But leaders are still celebrating the initial figures, which could increase slightly as recruitment continues in the coming weeks, considering the impact of Covid-19 and the chaos of this summer’s GCSE exams.
Skills minister Gillian Keegan said the early indications were that recruitment had progressed “well in the circumstances” and produced a “viable cohort” across the country.
The first ever T Levels – which have been five years in the making and described as the “gold standard” in technical education to sit alongside their academic equivalent A-levels – launched this month in three subjects: construction, digital and education and childcare.
In what is believed to be the first analysis of T Level recruitment, FE Week asked each of the 44 colleges and schools set to teach the new qualifications how many learners they had managed to enrol against the target they set in each subject at the beginning of the year.
Twelve colleges and four school sixth forms were able to provide breakdowns and, between them, they had set 28 different enrolment targets. Of those, 19 (or 68 per cent) were under target.
Colleges and schools found construction the easiest subject to attract students, followed by education and childcare (see table).
Digital proved to be the biggest challenge. Eleven of the 16 colleges and schools that spoke to FE Week are teaching the digital T Level, and nine of those failed to meet their “modest” targets.
Colleges said that there was an issue with young people’s understanding of the careers available through a digital qualification.
When combining all of the data provided by the 16 schools and colleges, the figures show that 143 students have enrolled on construction courses against a target of 118 (21 per cent above target), 267 students have enrolled on the education and childcare T Level against a target of 289 (8 per cent below target), and 127 have started a digital T Level against a target of 168 (24 per cent below target).
Some colleges were able to buck the trend, however, with Chichester College Group – which is based in Keegan’s constituency – standing out in particular.
The group set a target of 12 students for digital but ended up enrolling 21. It aimed for 24 in construction but has taken on 43 students and, for education and childcare, it sought 18 students but actually enrolled 39.
The recruitment success at the group, which encompasses five colleges in the south of England, has led to it forming additional T Level classes to cater for the larger than expected cohorts.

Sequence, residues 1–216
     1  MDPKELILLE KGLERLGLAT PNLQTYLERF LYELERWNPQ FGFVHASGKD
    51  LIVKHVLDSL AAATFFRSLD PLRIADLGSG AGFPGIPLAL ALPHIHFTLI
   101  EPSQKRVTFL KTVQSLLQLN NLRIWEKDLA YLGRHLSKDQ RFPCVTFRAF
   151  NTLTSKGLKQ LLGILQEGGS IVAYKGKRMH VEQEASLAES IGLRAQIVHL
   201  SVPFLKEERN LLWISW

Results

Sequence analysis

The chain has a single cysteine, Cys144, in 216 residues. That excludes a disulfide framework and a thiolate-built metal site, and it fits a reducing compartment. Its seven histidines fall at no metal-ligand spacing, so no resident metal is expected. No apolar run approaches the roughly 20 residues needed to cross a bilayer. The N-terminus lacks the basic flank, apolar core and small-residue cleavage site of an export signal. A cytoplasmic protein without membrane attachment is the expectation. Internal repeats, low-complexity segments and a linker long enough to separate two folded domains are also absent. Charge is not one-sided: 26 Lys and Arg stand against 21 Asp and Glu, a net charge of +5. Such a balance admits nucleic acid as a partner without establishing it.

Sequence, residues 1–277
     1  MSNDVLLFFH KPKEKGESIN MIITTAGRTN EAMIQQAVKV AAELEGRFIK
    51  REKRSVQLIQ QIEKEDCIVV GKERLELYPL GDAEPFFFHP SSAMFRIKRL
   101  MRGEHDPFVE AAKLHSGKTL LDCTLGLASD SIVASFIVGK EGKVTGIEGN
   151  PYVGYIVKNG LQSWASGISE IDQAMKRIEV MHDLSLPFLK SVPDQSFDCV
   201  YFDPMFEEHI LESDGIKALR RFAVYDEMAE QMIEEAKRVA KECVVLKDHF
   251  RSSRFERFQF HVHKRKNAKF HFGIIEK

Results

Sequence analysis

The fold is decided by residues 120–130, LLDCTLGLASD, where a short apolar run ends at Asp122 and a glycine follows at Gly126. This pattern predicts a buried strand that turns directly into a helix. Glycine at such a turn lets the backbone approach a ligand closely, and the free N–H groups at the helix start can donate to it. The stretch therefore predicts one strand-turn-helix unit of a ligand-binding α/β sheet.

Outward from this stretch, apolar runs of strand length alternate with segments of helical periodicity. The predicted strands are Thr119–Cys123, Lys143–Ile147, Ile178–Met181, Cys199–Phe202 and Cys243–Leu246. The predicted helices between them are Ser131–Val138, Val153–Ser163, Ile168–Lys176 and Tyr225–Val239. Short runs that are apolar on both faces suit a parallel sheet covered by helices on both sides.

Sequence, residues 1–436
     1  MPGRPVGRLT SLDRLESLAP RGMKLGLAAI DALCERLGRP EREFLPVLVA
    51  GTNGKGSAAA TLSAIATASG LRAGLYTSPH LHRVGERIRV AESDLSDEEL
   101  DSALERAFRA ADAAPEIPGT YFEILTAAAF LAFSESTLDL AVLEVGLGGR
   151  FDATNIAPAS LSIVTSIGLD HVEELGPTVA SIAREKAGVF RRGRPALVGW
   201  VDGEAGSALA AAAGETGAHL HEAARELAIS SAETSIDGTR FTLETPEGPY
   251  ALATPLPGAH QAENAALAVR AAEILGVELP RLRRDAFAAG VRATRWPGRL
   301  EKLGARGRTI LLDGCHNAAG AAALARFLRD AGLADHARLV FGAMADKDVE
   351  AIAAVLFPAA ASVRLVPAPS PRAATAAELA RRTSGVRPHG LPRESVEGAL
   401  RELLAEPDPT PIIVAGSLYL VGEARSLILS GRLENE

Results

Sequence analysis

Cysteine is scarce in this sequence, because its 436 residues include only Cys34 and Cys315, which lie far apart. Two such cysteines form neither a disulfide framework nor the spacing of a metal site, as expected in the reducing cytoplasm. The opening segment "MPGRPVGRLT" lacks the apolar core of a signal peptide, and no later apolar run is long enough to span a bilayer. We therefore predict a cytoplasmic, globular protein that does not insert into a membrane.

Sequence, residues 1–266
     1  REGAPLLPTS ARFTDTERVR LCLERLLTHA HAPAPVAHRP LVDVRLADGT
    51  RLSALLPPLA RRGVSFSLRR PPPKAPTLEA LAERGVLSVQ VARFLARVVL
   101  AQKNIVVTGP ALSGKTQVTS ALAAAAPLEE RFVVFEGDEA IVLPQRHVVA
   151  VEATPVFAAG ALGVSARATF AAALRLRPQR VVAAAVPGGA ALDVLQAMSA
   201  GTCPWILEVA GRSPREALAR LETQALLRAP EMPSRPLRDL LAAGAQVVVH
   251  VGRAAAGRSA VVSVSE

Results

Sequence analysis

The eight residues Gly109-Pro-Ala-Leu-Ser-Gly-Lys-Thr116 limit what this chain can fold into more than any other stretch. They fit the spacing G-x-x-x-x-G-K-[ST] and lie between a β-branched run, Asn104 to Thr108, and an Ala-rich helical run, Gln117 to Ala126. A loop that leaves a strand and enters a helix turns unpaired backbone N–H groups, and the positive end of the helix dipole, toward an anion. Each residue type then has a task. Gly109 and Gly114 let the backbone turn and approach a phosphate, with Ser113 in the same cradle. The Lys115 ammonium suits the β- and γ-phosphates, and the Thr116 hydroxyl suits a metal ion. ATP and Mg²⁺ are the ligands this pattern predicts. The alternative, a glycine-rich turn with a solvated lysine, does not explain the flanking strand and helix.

A Chichester College Group spokesperson said they were “surprised” at just how well the recruitment had gone in each subject, and put its success down to an “integrated but consistent” marketing approach over the past year.
This included a “dedicated digital marketing campaign” that mostly involved paid-for social media adverts, targeted at 16 and 17-year-olds mainly on Facebook, as well as Google adverts.
The group’s “robust” school liaison team had also made pupils in neighbouring schools fully aware of T Levels over the past year, including virtually when the pandemic hit.
Chichester’s spokesperson added that the extra time that students and parents had to research T Levels over the summer, as well as the achievement of centre assessed grades – which were reportedly inflated in many cases – will “all have contributed to our recruitment”.
While FE Week’s survey offers an indication of early T Level recruitment, a full comprehensive view of demand is unlikely to be available for some months to come.
Bridgwater and Taunton College, for example, said it was staggering its enrolment process this year because of Covid-19 and was therefore not yet able to provide any figures for T Levels.
Many other colleges told this publication that their enrolment processes will continue into late September.
David Hughes, chief executive of the Association of Colleges, told MPs on the education select committee this week that the early response from his members was that there is “good demand from young people and they’ve got employers wanting to do work placements”.
He added: “It is a good start – but it is very low numbers.”
Hughes continued: “The really important bit is sticking at it and making it work and adapting it over time. It’s very easy just to kick them and say they are wrong.
“Everyone needs to get behind T Levels because we need really good high-status technical education for young people with a sense of a broad programme which helps young people to develop a broad range of skills for their whole career.”
When the timeline for rolling out the first three T Levels was announced, the Department for Education set a target of recruiting around 2,000 students in the first year.
In order to increase interest, ministers launched a £3 million “NexT Level” campaign in October 2019. This was controversially put on hold in the first few months of lockdown following orders from the Cabinet Office to focus adverts on updates about the coronavirus pandemic.
Answering a parliamentary question from Damian Hinds, a former education secretary, on early T Level recruitment numbers this week, Keegan said: “All indications are that recruitment has progressed well in the circumstances and a viable cohort of young people will benefit from taking these new, high quality qualifications, leaving them in a great position to move into skilled employment or further training.”
The skills minister added that having 44 colleges and schools teaching the first T Levels this September was “testament to the hard work and dedication of staff in these organisations”.
While T Level numbers appear to be getting off the ground slowly, it would appear recruitment of 16 to 18-year-olds across other level 3 courses in colleges more generally are booming, as FE Week found after speaking with seven leaders this week (see page 18 of this week’s FE Week edition).